10 Essential qualities for a dancer.

Posted in Bharatanatyam, dance, The 10 Qualities of Bharatanatyam on April 10, 2007 by Shreenidhi

Traditional dance forms require some common characteristics to be exhibited during the learning and exercising processes:

  1. AGILITY.
  2. STEADINESS.
  3. REKHA.
  4. PRACTICE IN BHRAMHARI MOVEMENT.
  5. THE GLANCING EYE.
  6. ENDURANCE.
  7. CONCENTRATION.
  8. DEVOTION ( Towards the art ).
  9. SPEECH ( Clear ).
  10. GOOD SINGING POWER.

In the next few posts I am planning to explain these essential qualities of a dancer.

MAJOR CONSTITUENTS OF BHARATANATYAM

Posted in Bharatanatyam, dance on September 21, 2006 by Shreenidhi
  • Bharatnatyam is the Classical Dance style of Tamil Nadu.
  • Although we have a very ancient dancing tradition behind us, the form that we see at present with the new nomenclature is only about 50-60 years old (Bharatnatyam was still called as Sadir).
  • Bharatnatyam can be thought of as-consisting of 2 segments

Form (Grammar)
Content (Messages Conveyed)

  • On stage, a dancer has about 1 to 2 hours to express herself. She performs about 6-7 pieces where she conveys a certain grammatical framework.
  • The artist may want to convey a range of emotions – pathos, happiness, love, disgust (Bhava) and tell some intresting mythological anecdotes (Sanchari) – grammer of conveying this is Abhinaya.
  • All work and no plays makes jack a dull boy. All emotions and stories and no breaks can make a programme dull. The breaks are the Adavu.

Thus, adavu is very important for dance. Without adavu the dance cannot be completed.

ADAVU

Posted in Bharatanatyam, dance on July 21, 2006 by Shreenidhi

Much as it is true that the term Adavu is transalated as foot work, adavu is not a presentation limited to usage of the the feet. Every single limb of the body is coordinated in a certain style. The hands, legs, head etc constitute the major limbs. The simplest defenition of Adavu would be, basic unit of Bharatanatyam involving the whole body.

It is pretty easy to say that there rae about 65 adavus involving a range of movements. This would only put offan eager leaner for he or she might feel that the adavus are too many in number to be grasped easily. Let us have a brief look at a few core aspects of adavus that appear in almost every adavu.

LEG POSITIONS:

      1. ARAIMANDI – HALF SEATED POSITION.

    If this is mastered, half of Bharatanatyam is mastered! Now, this is no exaggeration because to master the right araimandi is quitean arduous and time consuming process. Initially, one will experiance a lot of pain in the knees and thighs but that will slowly settle down. Here are few points to remember.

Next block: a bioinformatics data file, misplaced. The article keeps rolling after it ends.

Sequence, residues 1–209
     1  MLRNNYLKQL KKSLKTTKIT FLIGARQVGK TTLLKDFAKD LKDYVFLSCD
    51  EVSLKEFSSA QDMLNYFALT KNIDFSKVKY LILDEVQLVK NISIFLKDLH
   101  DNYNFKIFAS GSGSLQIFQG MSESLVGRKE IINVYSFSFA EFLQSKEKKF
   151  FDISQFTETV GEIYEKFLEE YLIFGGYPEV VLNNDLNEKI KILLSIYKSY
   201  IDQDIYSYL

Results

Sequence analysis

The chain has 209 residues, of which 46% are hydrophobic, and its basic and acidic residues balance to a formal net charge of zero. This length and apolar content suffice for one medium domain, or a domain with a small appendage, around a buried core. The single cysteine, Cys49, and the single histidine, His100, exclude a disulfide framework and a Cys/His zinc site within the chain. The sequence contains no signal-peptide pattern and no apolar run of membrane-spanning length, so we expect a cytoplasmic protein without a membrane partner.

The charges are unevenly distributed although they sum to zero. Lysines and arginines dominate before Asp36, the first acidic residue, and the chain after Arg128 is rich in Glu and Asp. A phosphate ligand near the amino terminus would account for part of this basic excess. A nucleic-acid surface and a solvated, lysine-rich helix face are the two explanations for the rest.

• Back straight (bending or stooping can crete a hunch-effect).
    • Height reduced by atleast 1/3rd.
    • Feet pointing to the opposite sides a nd placed horizolly
    • Hands firmly and and neatly placed on the hips.
    • Eyes straight.

    Students can start off by standing like this for 10secs, 20secs, 30secs and gradually improve it to 1min, 1.30secs etc.

    2. SAMAPADAM – LEGS TOGETHER 

    Standing straight, legs joined, eyes straight, hands on the hips. This may sound easy, but it is very important for a dancer. When a dancer is given rest in between the dance he/she should be in this position.

    3. MANDI – FULL SEATED POSITION

    This is a full seated position – perhaps the most painful one to grasp and reproduce. One tends to trip and lose balance many times in the initial stages. But it settles down slowly. Here too, the eyes must be focussed straight and the back is to be erect.

    HAND POSITIONS:

    4. Hands to the sides with a slight curve. Elbows to be erect and not to droop. This gesture is difficult causing quite some pain in the elbows. It is again practice; more importantly, practice with a positive mind that “ I am going to master this! “.

    5. Hands in the front of the chest. Elbows firm, eyes straight.

    It is these 3 major leg positions and 2 hand positions on which one builds on.

    So,  the next time you are watching a Bharatanatyam performance, I am sure it would be very easy to identify these 5 aspects that occure repeatedly.

    Starting from any of these as the base position, the adavu involves well-coordinated movement of the body.

    Since this is intended to be a concise volume in understanding the form of bharatanatyam, let us stop our discussion on Adavu presently and move on to the next concept. We shall certainly take on a detailed study of adavus later.